President Barack Obama discussed his recently revealed plan to guarantee two free years of community college for all qualifying students along with new methods of student loan relief during the State of the Union address Tuesday night.
“[Middle class economics] is preparing working Americans to work for higher wages.” White House Deputy Press Secretary Jennifer Friedman said Wednesday in a conference call with college media outlets. “Some of the proposals … that the president has been rolling out [are] making two years of community college free for responsible students, making student loans more affordable, partnering with businesses to talk about on-the-job training and apprenticeship opportunities.”
The primary proposal from the president to provide college tuition relief involved simplifying the tax code. White House Domestic Policy Director Cecilia Muñoz explained that the current system of college tax incentives was complex, preventing families from fully taking advantage of the system.
“There is a whole host of different ways to pay for college and different ways to get federal support in paying for college. And it ends up being bewildering and complex. … So the president is proposing to consolidate these systems,” Muñoz said. “The idea is to make sure that our system works and is accessible.”
According to Muñoz, the Government Accountability Office found that 27 percent of families who claimed a tax credit should have claimed a different one, while another 14 percent did not claim a benefit despite being eligible. The White House estimates that the plan would cut taxes for around 8.5 million students and provide up to $2,500 of assistance yearly.
Obama also announced his community college program, which would provide tuition-free classes to students who can maintain a 2.5 grade point average and are either making progress towards a technical degree or working towards transferring to a four-year institution.
Muñoz explained that the plan would improve the United States work force, citing that two-thirds of job openings require technical skills and post-secondary education experience.
“The proposal to make community college free for every responsible student is really based on the notion that, 100 years ago, when we made high school free and universal, it created the best-educated workforce in the world here in the United States and that related to how we led the world economically in the 20th century.” Muñoz said.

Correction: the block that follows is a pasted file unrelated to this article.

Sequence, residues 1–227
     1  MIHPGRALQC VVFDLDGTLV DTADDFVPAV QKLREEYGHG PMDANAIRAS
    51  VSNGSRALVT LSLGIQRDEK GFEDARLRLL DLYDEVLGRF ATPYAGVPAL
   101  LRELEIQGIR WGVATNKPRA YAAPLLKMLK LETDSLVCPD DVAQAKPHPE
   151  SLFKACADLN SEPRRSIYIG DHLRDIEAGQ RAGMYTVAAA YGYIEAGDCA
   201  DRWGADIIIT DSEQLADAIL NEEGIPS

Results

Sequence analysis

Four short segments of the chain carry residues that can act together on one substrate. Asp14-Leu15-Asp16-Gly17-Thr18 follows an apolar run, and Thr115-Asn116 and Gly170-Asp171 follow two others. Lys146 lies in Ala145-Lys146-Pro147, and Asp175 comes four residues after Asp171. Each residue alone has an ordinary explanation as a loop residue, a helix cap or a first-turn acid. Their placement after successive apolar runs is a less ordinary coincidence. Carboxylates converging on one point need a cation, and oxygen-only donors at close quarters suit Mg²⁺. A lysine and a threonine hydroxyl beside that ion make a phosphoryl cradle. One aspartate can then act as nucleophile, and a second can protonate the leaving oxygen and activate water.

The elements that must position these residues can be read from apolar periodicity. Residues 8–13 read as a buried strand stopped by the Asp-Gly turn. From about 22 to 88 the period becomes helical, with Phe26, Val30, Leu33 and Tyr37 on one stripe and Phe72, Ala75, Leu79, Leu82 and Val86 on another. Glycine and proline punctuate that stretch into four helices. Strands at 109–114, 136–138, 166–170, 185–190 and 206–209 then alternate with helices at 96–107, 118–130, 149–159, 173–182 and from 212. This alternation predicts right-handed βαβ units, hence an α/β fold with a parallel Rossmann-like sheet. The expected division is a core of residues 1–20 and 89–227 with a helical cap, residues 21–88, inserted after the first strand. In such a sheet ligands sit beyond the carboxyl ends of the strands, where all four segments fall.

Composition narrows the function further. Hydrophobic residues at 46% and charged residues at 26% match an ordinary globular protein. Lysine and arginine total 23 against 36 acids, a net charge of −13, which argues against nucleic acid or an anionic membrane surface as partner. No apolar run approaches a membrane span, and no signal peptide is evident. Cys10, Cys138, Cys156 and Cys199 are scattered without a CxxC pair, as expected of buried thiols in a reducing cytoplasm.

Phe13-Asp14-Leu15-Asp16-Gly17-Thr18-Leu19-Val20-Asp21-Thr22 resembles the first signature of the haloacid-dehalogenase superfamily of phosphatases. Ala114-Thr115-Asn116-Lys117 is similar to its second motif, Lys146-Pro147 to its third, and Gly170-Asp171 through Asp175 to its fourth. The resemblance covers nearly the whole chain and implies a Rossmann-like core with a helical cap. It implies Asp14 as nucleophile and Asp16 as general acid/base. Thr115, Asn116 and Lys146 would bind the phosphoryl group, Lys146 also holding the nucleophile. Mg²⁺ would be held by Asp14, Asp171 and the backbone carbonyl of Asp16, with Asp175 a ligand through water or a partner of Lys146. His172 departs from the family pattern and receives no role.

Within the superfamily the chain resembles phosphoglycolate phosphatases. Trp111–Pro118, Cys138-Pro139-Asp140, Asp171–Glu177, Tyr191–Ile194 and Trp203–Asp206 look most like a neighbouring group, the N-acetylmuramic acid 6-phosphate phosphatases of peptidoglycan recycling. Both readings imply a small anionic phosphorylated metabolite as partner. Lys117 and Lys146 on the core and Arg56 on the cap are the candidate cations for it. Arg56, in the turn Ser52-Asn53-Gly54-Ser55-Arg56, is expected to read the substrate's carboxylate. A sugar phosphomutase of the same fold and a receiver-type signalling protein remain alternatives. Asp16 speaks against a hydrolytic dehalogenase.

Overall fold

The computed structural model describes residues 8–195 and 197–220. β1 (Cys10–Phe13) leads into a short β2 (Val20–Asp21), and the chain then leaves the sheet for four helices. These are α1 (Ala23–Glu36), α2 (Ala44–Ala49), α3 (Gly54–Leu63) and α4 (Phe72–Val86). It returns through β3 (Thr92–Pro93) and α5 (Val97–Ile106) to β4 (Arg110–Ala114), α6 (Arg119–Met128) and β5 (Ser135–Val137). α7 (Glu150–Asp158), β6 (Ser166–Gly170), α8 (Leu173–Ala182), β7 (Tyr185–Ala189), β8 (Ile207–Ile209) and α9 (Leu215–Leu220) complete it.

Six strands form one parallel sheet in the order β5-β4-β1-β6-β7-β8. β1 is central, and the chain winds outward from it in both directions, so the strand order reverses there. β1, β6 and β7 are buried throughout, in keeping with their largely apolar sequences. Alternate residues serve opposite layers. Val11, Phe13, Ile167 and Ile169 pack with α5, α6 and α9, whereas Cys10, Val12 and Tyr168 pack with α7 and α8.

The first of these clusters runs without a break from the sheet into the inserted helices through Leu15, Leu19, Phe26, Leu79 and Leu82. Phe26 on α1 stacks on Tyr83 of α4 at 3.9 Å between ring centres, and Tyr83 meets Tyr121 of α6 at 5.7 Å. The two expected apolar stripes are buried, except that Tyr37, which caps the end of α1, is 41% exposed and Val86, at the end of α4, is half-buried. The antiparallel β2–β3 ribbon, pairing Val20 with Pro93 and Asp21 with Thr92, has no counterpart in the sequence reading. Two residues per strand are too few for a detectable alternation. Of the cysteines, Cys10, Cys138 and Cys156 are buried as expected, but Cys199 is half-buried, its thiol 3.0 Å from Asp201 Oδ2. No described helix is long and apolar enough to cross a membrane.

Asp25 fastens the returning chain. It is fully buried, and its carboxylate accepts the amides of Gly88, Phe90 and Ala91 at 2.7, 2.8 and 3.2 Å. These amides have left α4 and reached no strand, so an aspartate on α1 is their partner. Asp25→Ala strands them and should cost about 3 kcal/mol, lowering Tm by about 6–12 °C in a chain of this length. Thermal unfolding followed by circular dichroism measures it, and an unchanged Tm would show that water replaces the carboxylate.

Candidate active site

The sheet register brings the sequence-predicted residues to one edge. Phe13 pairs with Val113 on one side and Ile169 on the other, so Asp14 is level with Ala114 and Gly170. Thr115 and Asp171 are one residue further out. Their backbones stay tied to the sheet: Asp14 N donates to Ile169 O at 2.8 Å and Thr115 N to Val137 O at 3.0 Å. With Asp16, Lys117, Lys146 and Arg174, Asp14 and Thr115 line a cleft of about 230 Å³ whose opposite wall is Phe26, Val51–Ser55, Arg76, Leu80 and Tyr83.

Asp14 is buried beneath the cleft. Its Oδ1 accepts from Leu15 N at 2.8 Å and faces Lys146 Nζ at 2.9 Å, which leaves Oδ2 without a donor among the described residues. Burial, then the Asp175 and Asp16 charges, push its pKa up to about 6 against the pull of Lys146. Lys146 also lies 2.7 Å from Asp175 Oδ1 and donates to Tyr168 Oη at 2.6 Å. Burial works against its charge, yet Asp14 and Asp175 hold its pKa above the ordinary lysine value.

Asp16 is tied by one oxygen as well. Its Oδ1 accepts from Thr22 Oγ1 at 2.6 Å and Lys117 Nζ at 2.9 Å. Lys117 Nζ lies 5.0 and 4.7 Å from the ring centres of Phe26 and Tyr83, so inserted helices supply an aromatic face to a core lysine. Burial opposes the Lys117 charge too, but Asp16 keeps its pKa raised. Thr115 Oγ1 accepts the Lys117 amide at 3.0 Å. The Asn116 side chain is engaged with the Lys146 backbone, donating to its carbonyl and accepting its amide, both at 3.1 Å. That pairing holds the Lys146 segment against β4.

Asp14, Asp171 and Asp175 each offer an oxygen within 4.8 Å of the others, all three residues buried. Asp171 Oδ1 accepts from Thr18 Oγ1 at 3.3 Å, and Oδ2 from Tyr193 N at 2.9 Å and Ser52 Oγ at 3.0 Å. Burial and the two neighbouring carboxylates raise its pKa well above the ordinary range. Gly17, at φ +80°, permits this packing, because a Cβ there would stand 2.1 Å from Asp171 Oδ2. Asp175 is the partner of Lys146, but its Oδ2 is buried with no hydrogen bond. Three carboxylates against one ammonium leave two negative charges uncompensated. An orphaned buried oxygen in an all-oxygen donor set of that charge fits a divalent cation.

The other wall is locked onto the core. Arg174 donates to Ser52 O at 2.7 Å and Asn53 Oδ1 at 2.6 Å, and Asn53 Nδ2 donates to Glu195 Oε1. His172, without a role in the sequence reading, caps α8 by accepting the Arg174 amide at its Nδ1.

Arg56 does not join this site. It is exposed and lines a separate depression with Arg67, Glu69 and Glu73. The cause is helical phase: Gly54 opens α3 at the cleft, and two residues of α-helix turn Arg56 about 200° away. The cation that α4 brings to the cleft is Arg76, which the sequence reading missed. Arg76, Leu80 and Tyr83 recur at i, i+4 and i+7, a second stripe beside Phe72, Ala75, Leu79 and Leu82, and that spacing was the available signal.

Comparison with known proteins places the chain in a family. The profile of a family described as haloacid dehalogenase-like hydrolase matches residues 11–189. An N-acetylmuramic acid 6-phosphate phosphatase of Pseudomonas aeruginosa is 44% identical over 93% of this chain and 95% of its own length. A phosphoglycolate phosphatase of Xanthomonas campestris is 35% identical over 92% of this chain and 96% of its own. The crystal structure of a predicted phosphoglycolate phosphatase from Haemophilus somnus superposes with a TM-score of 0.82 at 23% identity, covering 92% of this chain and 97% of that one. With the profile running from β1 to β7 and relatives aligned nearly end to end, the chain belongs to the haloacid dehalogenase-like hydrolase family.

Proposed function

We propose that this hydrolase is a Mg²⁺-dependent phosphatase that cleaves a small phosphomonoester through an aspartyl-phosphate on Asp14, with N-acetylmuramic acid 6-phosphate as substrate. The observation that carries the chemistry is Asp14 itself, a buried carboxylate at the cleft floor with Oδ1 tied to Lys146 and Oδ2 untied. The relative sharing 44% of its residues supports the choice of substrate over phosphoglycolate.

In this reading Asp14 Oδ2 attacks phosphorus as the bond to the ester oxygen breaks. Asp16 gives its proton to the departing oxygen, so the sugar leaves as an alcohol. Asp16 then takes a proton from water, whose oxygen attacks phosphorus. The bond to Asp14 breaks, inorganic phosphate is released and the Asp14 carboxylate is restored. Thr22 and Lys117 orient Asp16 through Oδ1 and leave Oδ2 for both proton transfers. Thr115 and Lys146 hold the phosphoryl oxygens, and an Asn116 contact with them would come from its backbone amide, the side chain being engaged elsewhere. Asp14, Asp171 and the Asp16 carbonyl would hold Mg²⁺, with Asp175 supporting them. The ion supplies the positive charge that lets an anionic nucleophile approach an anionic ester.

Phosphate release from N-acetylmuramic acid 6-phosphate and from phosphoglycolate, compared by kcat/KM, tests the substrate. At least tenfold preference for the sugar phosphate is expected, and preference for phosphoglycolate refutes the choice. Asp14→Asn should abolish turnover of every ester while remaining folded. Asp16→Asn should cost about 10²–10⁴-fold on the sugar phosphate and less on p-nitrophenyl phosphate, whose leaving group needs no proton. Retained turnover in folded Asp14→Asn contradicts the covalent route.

McCourt School of Public Policy Professor E.J. Dionne applauded the plan in his biweekly column for The Washington Post, praising community colleges as “central to restoring social and economic mobility,” referencing research by MSPP Professor of public policy Harry Holzer that pointed to the need for a college degree to gain a competitive wage.
However, Holzer was more critical of the plan. While he liked the minimum GPA requirement and the emphasis on either further education or employment, he questioned whether the monetary resources could be better used to support students.
“Most of the money will not go to the most needy people who already have Pell grants,” Holzer said. “Most of the money will go to middle class people who could maybe afford this expenditure already.”
He also worried that it would affect the educational outcomes of students would potentially choose to attend community colleges first instead of four-year colleges, noting a discrepancy between four-year and community college education.
“I worry that if community college is free and four year schools are not free… people who could go to good four-year schools will now start at community college and they won’t do as well,” Holzer said. “They won’t get the same level of guidance, the same level of instruction, so it could end up hurting educational outcomes for the people it’s trying to help.”
Muñoz disagreed, claiming that more students would have the opportunity to receive a four-year degree through the program.
“In order to qualify for free tuition, you have to show that you’re in a program to transfer to a four-year institution or an occupational program with a really good track record,” Muñoz said. “We think more people will be getting credits toward a four-year degree and then more people will be getting a four-year degree.”
Holzer noted that the program will likely have a marginal impact on private universities like Georgetown, primarily affecting second-tier state universities, who might see students choose to attend community colleges instead.
“People would not stop going to Georgetown to go to community college,” Holzer said. “What I imagine would happen would be people who would otherwise go to other state colleges, not the flagship schools but the second-tier schools, will now instead start at community colleges so they’re the ones that I would more worry about, not so much the ‘Georgetowns.’”
Beyond his concerns about the program itself, Holzer remained skeptical about the possibility of the program being implemented on the federal level but saw the potential for states.
“The Republicans control Congress, and most of them have not reacted really well to this idea,” Holzer said. “Individual states might choose to go that way. … You can compare what happens to the states that do this in comparison to the states that don’t and test out my hypothesis.”